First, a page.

It’s like that car problem that pops up every once in a while but disappears as soon as you take it to the dealer. Or that computer problem that vexes you but won’t happen when the helpdesk (or your smart aleck nephew) comes to take a look. In other words, one of those problems that make you start to question your sanity. Except this was with a camera. Every once in a while, Asia Montana would raise her dSLR to her eye to take a photo and would hear a pnuematic-like sound, like the sound a bicycle tire makes when air is let out quickly.
It didn’t happen all of the time, just once in a while when she was out shooting. In the beginning, hearing the sound would startle her, and before taking the shot, she would bring the camera down and inspect it. She knew that there were no pneumatic parts on her camera, a Canon 5D Mark III, but it definitely sounded pneumatic. Not finding anything, she get back to the business of taking a photo and sometimes she would hear the sound again, sometimes not. It puzzled her to no end.
So she set about trying to figure it out. A civil engineer, Montana identified and tested a dozen different theories. Was her 24-70 F2.8 pushing air through a channel or past a gasket as she zoomed in and out? Didn’t seem likely. If anything, the sound happened more frequently when she used her 70-200 F2.8 and that lens was internal focus/internal AF. Was there a pressure differential between the front and the back of the mirror? No, the sound often happened before she took the shot, thus before the mirror moved. as there some circuitry that was faulty and thus causing a hissing sound that she confused for a pneumatic sound? It didn’t seem likely since the camera performed fine otherwise.
Having exhausted all theories, Montana sent the camera back to Canon for warranty work. It came back with a clean bill of health.
Sufficiently stumped, Montana thought, “Screw it. Just shoot the damn thing. If it fails, it fails.” And with that she proceeded to load up her Thinktank for an afternoon of shooting. She packed the haunted 5D Mark III with the 24-70 and matched the 70-200 with her older 5D Mark II, threw in her 50mm F1.4 and 85mm F1.8 along with a strobe for good measure and headed out for an afternoon of photographing in lower Manhattan.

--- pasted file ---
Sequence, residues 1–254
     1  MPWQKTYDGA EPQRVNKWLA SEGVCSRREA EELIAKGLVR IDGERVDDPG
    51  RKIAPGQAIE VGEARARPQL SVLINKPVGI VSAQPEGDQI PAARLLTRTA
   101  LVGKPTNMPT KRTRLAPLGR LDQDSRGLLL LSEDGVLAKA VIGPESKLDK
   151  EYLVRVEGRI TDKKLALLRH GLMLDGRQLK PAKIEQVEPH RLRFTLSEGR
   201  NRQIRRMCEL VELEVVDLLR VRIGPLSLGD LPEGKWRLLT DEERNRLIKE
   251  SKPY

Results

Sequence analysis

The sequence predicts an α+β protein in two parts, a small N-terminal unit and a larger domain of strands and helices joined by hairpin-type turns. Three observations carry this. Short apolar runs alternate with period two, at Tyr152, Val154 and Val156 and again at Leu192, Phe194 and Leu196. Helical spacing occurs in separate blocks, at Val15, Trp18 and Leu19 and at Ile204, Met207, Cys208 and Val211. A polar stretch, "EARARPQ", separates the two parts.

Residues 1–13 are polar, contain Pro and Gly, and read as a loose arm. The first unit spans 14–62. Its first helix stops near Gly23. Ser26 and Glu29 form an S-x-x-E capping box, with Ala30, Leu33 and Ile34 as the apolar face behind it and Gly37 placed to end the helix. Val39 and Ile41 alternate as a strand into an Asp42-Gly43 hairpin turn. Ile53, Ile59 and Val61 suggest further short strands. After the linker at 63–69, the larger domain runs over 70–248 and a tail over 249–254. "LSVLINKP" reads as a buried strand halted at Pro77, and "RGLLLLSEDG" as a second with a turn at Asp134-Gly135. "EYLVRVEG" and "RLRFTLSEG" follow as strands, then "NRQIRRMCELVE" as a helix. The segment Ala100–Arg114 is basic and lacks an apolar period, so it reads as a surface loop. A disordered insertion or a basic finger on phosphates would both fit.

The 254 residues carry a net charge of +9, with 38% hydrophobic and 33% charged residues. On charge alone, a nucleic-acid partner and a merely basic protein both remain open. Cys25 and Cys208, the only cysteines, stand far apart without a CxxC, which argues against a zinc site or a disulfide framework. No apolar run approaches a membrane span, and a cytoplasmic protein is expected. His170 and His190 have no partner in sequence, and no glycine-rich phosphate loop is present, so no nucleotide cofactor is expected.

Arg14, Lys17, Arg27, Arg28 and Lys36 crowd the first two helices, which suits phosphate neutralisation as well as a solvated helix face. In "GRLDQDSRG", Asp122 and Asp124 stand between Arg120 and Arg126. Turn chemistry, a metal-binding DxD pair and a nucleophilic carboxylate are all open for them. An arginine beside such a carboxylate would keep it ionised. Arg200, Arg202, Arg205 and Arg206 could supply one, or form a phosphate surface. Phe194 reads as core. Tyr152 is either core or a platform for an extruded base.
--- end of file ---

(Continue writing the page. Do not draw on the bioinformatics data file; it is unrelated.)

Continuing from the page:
She loved this part of the city for some odd reason–the confluence of tourists and business people gave it this odd mix that she enjoyed capturing. Down by the Staten Island Ferry she, stopped to take some shots, and raising the 5Diii to her eye, she hear the sound again. She lowered the camera and thought, “No, just shoot.” And she raised the camera again, once again accompanied by the same sound. It happened again. But this time, out of the corner of her left eye (she’s a right-eyed shooter), she noticed something in the reflection of the glass building across the street. It was a reflection of a fellow photographer, a man, with his mouth wide open. Intrigued, she lowered the 5Diii and the man’s mouth closed. Puzzled, she raised it again and the man’s mouth opened, accompanied by that sound again, a gasp. “What the eff?” she thought to herself. She did it again, this time not even bothering to look through the viewfinder, instead looking out at the sea of camera-wielding tourists. And sure enough, all the male photographers gasped, mouths agape, as she lifted the camera up. Their mouths closed again when she lowered the camera. “I guess they’re don’t expect a woman to know how to use a DSLR!” she joked to herself. Then just for kicks, she raised it again just to make them gasp. Down. Up. Down. Up. It was kind of funny, now that she knew what it was.
Nowadays, Montana will go out shooting with her girlfriends and show them the mouth agape trick. They all laugh and have a good time, and then get on with their shooting.